Zack's Blog

The Dark Side of Why I Write Software

Published 2014-05-08 4 min read

Motivation is a big part of programming for me. Why I do what I do…why write programs when there are many other options for what to do with the hours in which I work? And closely related, why write this kind of program vs another kind of program?

The answer for me is easy, but you won’t believe me. It’s trite…it’s expected…and heck, even an HBO Series is making fun of this part of Silicon Valley, but oh well…here goes:

I program computers to make the world a better place.

I’m a devout optimist and in a past life, figuratively speaking, I’ve gone on record at conferences in front of 2000+ people to the same effect. I was being genuine, that’s really who I am. The trick though, is it’s not for any reason you could probably think of…

The Dark Side of Zack

I’m so hopeful for technology because I had a difficult childhood. So many have had it far worse, so I don’t hold this as some unique story of woe…all I can do is reflect on my own story, and in my adult years I’ve processed much of what I’m about to write down.

A fractured childhood is the best way I can think of to describe it…on the one hand, my real family that I spent 90% of my time in childhood was the very picture of the Brady Bunch…truly incredible and still is to this day. We love each other, we make time for each other, and we have so many fond memories and ongoing traditions that bind us together.

But that 10%, well, that 10% destroyed a part of me. You see, I had a very abusive birth mother. That thing, the love of a mother for a child that seems like it should be written in stone somewhere, was a broken promise in my childhood. Against a backdrop of her drug use, extremely violent boyfriends, and an environment that preyed on us daily, my trust in people was broken.

I can remember laying on the ground in some public housing apartment in South Seattle while a gunman tried to break into the apartment and get to us. I can remember the coked out boyfriend turning violent when he came home after we accidentally broke something in the house (I was eight?). And then there was the Vietnam vet that broke my leg in a PTSD rage…I remember the Bugs Bunny stamp on my cast but it took a while for my brain to realize my leg was broken because of violence not an accident. Trauma to a young brain is sometimes inexplicable.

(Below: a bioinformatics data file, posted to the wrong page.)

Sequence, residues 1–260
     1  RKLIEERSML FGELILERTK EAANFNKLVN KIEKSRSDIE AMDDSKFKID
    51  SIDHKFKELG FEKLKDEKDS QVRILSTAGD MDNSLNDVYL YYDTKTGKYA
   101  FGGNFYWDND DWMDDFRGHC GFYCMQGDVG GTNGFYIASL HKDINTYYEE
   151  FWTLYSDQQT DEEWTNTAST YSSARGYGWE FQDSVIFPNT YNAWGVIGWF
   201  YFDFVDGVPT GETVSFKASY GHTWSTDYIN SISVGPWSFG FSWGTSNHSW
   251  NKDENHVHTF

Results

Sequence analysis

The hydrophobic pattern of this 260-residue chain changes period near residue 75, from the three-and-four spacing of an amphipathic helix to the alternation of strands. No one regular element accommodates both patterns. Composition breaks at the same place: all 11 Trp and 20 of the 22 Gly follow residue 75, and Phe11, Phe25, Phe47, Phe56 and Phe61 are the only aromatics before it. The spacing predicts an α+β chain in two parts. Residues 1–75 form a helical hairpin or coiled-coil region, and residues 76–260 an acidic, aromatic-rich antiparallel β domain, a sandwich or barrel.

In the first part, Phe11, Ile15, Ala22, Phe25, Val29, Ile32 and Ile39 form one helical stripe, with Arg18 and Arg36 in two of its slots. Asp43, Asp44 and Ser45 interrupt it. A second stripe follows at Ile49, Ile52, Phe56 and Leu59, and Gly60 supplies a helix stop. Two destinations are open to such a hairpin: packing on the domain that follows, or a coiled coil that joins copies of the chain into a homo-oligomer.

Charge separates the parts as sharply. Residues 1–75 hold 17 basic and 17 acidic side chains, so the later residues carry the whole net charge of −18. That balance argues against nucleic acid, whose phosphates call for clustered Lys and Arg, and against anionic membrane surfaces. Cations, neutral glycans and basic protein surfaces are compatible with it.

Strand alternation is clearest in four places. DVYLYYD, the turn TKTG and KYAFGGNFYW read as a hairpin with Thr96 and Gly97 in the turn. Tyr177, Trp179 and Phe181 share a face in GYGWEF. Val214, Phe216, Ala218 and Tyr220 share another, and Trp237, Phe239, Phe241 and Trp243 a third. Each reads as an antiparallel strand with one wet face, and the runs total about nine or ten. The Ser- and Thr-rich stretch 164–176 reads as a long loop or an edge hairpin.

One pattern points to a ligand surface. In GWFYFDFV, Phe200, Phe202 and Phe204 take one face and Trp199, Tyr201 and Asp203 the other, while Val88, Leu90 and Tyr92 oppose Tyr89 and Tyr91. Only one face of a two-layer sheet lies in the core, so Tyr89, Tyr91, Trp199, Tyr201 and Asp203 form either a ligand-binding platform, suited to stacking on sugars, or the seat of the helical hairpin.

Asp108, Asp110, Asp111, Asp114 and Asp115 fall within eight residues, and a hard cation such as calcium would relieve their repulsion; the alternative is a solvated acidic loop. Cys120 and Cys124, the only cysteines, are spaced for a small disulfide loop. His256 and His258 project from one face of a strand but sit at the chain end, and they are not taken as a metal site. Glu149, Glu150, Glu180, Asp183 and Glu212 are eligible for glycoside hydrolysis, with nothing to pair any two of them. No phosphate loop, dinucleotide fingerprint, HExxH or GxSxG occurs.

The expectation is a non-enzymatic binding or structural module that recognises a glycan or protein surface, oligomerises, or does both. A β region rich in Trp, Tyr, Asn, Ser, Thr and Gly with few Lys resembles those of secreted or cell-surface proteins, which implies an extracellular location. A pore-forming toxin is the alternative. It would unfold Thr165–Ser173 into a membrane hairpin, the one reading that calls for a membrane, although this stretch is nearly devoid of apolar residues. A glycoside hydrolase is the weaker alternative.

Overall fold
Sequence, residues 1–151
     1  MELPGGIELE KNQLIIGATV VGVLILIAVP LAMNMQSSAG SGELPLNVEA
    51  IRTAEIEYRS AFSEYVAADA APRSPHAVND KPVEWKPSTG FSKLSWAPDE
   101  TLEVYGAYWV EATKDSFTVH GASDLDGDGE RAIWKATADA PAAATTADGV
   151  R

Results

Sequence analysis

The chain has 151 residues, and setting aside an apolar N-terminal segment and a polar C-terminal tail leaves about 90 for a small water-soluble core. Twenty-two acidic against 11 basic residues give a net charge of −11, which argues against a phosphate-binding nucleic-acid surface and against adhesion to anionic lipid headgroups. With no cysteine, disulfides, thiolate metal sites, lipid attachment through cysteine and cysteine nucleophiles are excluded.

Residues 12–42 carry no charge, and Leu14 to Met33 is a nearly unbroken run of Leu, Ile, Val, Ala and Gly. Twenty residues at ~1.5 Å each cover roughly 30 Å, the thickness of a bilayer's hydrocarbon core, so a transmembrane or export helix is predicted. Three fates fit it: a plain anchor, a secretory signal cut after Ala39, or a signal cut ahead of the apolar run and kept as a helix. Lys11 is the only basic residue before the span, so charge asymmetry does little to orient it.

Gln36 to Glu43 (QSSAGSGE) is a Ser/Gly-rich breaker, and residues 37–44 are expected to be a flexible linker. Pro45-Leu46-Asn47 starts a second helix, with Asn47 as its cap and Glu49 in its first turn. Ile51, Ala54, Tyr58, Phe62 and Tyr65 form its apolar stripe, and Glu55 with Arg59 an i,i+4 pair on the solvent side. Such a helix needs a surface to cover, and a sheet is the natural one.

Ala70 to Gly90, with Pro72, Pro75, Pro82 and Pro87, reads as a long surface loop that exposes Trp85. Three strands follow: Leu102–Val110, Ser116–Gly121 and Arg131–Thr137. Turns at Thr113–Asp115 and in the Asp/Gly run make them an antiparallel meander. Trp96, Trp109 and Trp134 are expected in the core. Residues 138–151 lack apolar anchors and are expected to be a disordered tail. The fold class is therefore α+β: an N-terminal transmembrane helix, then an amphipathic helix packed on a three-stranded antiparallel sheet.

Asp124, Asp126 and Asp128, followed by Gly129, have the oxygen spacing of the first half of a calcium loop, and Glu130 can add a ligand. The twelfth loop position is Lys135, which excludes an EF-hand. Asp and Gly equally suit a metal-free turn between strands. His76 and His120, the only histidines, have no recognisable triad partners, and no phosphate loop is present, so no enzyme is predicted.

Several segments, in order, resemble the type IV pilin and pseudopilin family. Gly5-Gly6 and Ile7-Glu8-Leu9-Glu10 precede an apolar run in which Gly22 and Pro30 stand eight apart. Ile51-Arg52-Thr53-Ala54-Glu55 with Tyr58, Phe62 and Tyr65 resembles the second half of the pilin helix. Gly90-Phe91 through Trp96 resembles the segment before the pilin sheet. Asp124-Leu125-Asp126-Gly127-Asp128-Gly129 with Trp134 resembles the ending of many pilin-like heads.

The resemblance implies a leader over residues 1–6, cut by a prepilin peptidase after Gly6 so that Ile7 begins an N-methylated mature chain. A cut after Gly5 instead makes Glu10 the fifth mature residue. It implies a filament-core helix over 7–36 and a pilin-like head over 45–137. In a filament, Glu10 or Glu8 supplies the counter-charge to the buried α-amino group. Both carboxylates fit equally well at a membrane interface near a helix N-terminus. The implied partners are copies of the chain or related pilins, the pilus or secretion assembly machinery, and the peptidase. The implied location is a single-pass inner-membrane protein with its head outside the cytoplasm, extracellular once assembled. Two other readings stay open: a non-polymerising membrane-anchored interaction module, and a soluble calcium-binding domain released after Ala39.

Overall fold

Turning Inward

So probably like a lot of people that have had the outside world betray them, I turned inward. I became extremely accomplished in the academic pursuits…I dedicated myself to the world of the mind…and every step along that path my computer was with me. From that first Timex Sinclair to the maxed out MacBook Pro that I have now, every single one has been an appendage of me to try to effect change in the world. I don’t want people to be alone in their suffering, I don’t want people to feel unloved, looked over.

I want the world to be a better place, and I think technology can make a HUGE difference.

To this day I continue to hear stories of people who have had their life changed (in a good way) from things that I’ve built…people who have fallen in love, who have found community through hard times, who have felt a sense of belonging in a bewildering new environment. These things make me HAPPY! They are things that matter and that bring real change to the offline world.


I know this is already rather long, off my usual technical topics, and exceedingly personal. I’m sure I’ll probably regret writing this for any of a number of different reasons. But if I can leave you with even one passing thought, my faithful reader who has made it this far, it is this:

Work to make the world a better place. You have the skills to do it.